Navajo man loses latest bid to delay federal execution

A judge has rejected a bid from the only Native American on death row to push back his execution date

FLAGSTAFF, Ariz. -- The only Native American on federal death row lost a bid Thursday to push back his execution date.

Unless Lezmond Mitchell gets relief from another court or is granted clemency, he will be put to death on Aug. 26 at the federal prison in Indiana where he is being held.

Mitchell's attorneys sought a delay from the U.S. District Court in Arizona where he was sentenced in the 2001 slayings of a 63-year-old fellow Navajo tribal member and her 9-year-old granddaughter. They argued the execution must be performed under Arizona law.

Judge David Campbell said the attorneys didn't identify any procedures in Arizona statutes or criminal rules that conflict with the federal protocol when it comes to how Mitchell, who is 38, would die.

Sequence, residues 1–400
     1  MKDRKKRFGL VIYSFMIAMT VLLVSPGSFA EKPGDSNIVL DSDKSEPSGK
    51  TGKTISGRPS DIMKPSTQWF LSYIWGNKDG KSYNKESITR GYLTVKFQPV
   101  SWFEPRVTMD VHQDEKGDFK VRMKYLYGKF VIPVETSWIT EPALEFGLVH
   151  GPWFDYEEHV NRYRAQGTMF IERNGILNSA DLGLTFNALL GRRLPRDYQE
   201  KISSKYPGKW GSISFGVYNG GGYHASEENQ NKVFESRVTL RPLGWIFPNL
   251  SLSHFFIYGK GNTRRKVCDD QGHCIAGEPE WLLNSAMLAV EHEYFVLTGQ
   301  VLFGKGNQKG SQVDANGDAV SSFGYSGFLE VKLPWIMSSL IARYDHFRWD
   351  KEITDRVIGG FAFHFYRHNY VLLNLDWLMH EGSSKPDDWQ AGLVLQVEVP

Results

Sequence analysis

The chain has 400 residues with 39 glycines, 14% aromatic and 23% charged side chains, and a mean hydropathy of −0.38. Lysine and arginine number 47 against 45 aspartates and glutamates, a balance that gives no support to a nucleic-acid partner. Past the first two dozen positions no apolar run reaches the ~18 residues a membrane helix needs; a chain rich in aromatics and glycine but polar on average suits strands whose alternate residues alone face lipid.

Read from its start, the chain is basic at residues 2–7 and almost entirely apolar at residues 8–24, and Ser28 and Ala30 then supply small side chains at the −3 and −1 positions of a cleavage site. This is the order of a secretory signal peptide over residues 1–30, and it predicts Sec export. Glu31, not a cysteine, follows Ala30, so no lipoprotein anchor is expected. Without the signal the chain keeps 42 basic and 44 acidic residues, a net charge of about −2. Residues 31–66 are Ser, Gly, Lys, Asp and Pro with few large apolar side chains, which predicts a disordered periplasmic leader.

“The court therefore concludes that the government's planned method of execution is not inconsistent with the salient provisions of Arizona law,” Campbell wrote.

The Justice Department didn't respond to a request for comment Thursday.

Mitchell's attorneys filed a notice of appeal to the 9th Circuit U.S. Court of Appeals. That court granted him a reprieve from execution last year as he sought to interview jurors in his case about potential racial bias. The court ultimately ruled against him and declined to maintain a stay of execution. It's expected to expire next week.

Mitchell's attorneys plan to take that case to the U.S. Supreme Court. They also filed a petition for clemency, backed by the Navajo Nation and the tribe's longstanding opposition to putting its citizens to death.